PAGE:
Still adding this to the disposer makes sure that if this component gets removed before the animation has finished, the SignalConnection will still get cleaned up. Otherwise, when the animation completes, it will clean itself up so you don’t have it hanging around in memory.

The using Keyword

Not specific to Flambe, the Haxe language has a cool feature called the using mixin. This allows you to add basic functions to objects so you don’t have to add a base class for simple functionality. An example is playing around with MovieSprite positions. Maybe you have to manually update the position of a MovieSprite, you can write a mixin Class to do this for you on any Entity that has a MovieSprite component added.

class MovieUtil
  public static function setPosition(entity:Entity, ?posPercent:Float = 0):Entity
    var s:MovieSprite = entity.get(MovieSprite);
    if (s != null) {
      s.paused = false;
      s.position = posPercent * s.symbol.duration;
      s.paused = true;

    return entity;

Then you would call add this mixin MovieUtil to your component code in the same area as your imports:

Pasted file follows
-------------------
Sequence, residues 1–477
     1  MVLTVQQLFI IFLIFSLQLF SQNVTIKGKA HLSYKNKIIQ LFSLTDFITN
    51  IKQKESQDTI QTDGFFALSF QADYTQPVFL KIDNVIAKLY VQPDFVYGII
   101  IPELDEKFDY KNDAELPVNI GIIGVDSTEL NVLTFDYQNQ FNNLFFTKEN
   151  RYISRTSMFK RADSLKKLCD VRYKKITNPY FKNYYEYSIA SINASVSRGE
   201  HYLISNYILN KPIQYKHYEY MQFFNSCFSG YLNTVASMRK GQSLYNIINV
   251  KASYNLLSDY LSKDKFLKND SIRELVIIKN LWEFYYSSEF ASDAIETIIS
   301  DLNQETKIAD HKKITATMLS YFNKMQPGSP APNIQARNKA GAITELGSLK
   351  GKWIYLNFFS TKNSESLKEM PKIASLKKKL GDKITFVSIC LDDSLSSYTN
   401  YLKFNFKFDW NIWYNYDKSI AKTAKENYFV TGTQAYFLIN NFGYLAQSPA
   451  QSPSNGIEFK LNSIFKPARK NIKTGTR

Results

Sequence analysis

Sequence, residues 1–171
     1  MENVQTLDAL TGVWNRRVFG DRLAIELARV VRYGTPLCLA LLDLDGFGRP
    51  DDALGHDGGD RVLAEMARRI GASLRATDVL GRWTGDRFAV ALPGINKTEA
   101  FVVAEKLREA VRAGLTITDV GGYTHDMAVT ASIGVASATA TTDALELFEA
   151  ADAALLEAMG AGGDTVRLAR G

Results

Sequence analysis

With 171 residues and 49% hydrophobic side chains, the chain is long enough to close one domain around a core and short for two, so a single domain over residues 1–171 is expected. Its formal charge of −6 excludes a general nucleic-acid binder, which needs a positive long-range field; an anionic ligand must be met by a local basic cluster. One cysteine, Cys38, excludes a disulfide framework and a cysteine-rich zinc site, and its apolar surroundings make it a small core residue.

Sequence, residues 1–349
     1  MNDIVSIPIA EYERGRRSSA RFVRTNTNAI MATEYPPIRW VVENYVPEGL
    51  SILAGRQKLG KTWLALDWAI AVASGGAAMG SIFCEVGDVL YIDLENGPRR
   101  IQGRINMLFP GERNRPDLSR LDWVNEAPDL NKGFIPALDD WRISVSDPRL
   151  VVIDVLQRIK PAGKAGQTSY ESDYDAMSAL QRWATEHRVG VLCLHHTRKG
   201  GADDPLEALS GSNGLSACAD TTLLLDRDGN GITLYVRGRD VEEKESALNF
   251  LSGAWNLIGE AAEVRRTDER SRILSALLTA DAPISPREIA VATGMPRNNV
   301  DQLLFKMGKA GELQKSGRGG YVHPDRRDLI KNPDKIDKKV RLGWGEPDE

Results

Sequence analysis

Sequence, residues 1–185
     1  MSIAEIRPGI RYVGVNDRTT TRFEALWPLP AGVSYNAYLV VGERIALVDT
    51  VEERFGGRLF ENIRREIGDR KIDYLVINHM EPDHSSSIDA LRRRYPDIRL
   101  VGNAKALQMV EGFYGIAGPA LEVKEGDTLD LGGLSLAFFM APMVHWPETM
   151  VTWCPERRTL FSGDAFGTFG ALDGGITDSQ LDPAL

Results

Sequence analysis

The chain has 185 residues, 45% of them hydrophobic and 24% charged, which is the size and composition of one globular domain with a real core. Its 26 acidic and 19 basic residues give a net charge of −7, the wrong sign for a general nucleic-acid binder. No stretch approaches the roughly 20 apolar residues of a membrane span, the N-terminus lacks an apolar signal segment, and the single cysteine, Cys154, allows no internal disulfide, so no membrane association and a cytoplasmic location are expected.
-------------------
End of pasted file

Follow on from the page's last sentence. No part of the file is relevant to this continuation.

using urgame.MovieUtil;

Then in the code, call this function like so:


Notice the first parameter of the setPosition function is an Entity. That entity is the one that you just passed in. So instead of calling MovieUtil.setPosition(movieEntity, .5); you can keep your code a little cleaner with just calling the method from that Entity. Also note that mixin functions return the object that was passed in.

For more information, you can visit the Haxe documentation on this mixin here.


Scripts are super powerful was to chain or synchronize a group of actions together. Here’s a quick example:

var script:Script = new Script();
script.run(new Sequence([
  new Delay(1),
  new CallFunction(function(){
    trace("Do something!");

All this script does is wait 1 second before calling a function that traces something, but you can get as complicated as your mind can think. A Script is a component like everything else, so don’t forget to add it to an Entity to make sure it actually runs.  Check out all the Script Actions here.


I love this thing. Add a SpeedAdjuster component to any Entity and it will effect it, and its children’s, update speed.

myEntity.add(new SpeedAdjuster(.5));

Simple as that I’ve just made that Entity run at half speed. Pretty cool huh? Need to pause the game? Just add this with a 0 passed in and it will stop everything on that Entity.


Here’s an example I cooked up that shows all of these features in a pretty simplistic way. Click on the plane to initiate a script that will blow it up. Click the constant explosion to pause it in the middle of its timeline, then click it again to add a .5 SpeedAdjuster to it. Click the RESET button to start over. Enjoy!


Here’s the source files in case you want to have a look around! Source

Please leave a comment if you have any questions.

Also, I made another post a while back about some handy tools we use for games and websites here.